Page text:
When writing academic text, you're often in the position of having to write introductory or explanatory material for your audience. Usually you write this kind of material after you've explored the subject fairly deeply, and have a pretty solid understanding of what you're talking about. This makes it easy to write in one sense: you don't need to constantly refer to other sources. But it also makes it really hard in another, because all that experience makes it difficult to know when you're talking over the heads of your audience. And if you lose them in the introduction, then you've likely lost them altogether.

One way to get around this is to have one of your audience members proof read your writing. Of course, that isn't always possible, nor always reliable.

So, are there any methods of getting outside your own head, and viewing your own writing as if you didn't previously understand the topic? How can I read my writing so that I can detect the potholes I've left for other readers?


2 Answers 2


I am an english student, so if you are teaching, you already far outmatch me in ability, however, these are my thoughts.

Sometimes, although is sounds a little bit insane, it is possible to create someone in your mind to critically analyse your work.

Try this. Imagine a sarcastic, witty imp, sitting on your favourite shoulder. He knows nothing but the basics of your topic, and is not really wanting to learn. He will need a simple explanation of the subject, before he can begin to understand it, so try not to confuse him.

Now get him to slowly read your work. Listen to his critical yammering, and try and see the world from his point of view. If you are lucky, he will point out at least some of your problems.

(You may receive quite an earbashing, so be warned.)

Another method is to just simply have a nice long sleep, then reread. A clear head makes mistakes so much easier to see, and you will be able to see whether some stray string theory has crept into your lecture on basic newtonian physics.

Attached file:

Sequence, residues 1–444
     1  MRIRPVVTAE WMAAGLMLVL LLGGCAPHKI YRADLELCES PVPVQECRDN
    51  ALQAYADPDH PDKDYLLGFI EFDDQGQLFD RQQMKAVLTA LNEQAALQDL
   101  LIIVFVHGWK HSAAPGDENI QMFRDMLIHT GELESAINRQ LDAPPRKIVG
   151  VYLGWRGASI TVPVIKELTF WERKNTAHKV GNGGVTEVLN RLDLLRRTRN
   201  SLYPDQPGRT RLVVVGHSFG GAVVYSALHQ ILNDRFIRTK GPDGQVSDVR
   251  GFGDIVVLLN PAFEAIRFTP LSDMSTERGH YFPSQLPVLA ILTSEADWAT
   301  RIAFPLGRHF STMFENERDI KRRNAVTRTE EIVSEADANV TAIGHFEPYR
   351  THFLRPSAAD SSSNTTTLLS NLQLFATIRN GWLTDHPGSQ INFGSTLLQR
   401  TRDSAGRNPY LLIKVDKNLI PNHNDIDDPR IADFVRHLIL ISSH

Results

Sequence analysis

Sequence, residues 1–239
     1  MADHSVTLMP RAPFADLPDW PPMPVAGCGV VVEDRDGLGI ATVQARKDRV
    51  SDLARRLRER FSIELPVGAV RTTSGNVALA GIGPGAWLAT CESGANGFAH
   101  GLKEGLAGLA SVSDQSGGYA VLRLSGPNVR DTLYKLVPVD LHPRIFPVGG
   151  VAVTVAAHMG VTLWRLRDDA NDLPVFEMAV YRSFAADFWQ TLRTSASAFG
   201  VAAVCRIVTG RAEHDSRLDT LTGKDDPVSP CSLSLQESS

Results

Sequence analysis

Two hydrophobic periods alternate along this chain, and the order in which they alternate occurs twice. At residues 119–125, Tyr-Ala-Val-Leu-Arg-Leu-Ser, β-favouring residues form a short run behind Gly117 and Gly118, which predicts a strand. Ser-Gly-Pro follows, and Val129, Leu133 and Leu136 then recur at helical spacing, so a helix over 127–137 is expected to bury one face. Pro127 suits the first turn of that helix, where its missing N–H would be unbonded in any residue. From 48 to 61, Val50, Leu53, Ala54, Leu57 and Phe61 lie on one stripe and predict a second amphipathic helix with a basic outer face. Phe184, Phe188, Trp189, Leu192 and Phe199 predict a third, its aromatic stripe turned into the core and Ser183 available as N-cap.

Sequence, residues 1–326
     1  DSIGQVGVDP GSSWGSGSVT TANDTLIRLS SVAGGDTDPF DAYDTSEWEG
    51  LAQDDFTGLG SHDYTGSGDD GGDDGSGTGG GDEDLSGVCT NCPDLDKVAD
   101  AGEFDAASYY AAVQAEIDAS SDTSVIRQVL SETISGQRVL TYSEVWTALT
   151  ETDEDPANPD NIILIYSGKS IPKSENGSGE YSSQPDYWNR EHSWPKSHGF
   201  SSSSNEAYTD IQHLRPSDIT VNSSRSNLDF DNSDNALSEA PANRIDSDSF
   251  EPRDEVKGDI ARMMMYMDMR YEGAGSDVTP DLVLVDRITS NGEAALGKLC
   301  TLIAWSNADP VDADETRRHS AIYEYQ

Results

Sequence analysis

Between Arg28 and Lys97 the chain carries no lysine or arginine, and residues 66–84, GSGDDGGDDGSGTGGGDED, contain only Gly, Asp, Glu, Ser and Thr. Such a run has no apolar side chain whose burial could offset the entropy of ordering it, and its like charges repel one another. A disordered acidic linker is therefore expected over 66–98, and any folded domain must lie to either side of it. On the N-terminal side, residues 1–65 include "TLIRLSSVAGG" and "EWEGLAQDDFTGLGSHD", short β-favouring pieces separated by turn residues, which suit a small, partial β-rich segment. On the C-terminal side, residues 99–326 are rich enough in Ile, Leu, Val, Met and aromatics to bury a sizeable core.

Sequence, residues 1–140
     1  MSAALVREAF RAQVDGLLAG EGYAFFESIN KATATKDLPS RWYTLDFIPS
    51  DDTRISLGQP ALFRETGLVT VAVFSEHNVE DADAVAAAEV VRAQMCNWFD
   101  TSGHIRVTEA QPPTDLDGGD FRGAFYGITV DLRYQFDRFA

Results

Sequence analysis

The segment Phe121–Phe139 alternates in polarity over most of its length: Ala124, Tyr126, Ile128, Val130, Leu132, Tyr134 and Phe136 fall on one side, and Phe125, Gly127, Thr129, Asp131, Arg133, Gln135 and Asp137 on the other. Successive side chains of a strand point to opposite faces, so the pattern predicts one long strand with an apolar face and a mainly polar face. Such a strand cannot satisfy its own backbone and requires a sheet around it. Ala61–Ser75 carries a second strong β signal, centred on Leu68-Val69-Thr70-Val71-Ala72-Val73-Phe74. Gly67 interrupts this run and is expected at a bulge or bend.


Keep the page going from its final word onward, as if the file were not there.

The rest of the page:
These methods may not work for you, however, so take this answer as you will.

  • It's surprising how well the imp works :D
    – naught101
    Aug 23, 2012 at 0:54

The best answer I ever heard was from an English professor: "Write as if you're explaining the text to a slightly stupider classmate."

  • 1
    Too bad I can't more than +1 this.
    – justkt
    Aug 22, 2012 at 18:55
  • He was a great professor, and I used that advice in every subsequent paper for the remainder of my college career. Aug 22, 2012 at 23:10
  • 1
    True. Now that you mention it, I've actually been writing for my supervisor/examiners - who I've been assuming know more than me. Good tip!
    – naught101
    Aug 23, 2012 at 0:54
  • A friend of mine wrote an engineering textbook. He commented once that he often found himself saying, "no need to explain this, it's obvious", and then backing up and saying, "it's obvious to someone who's been working in the field for 30 years, but it's probably not obvious to someone just learning the subject. I'd better explain."
    – Jay
    Jul 7, 2016 at 5:17

Your Answer

By clicking “Post Your Answer”, you agree to our terms of service and acknowledge you have read our privacy policy.

Not the answer you're looking for? Browse other questions tagged or ask your own question.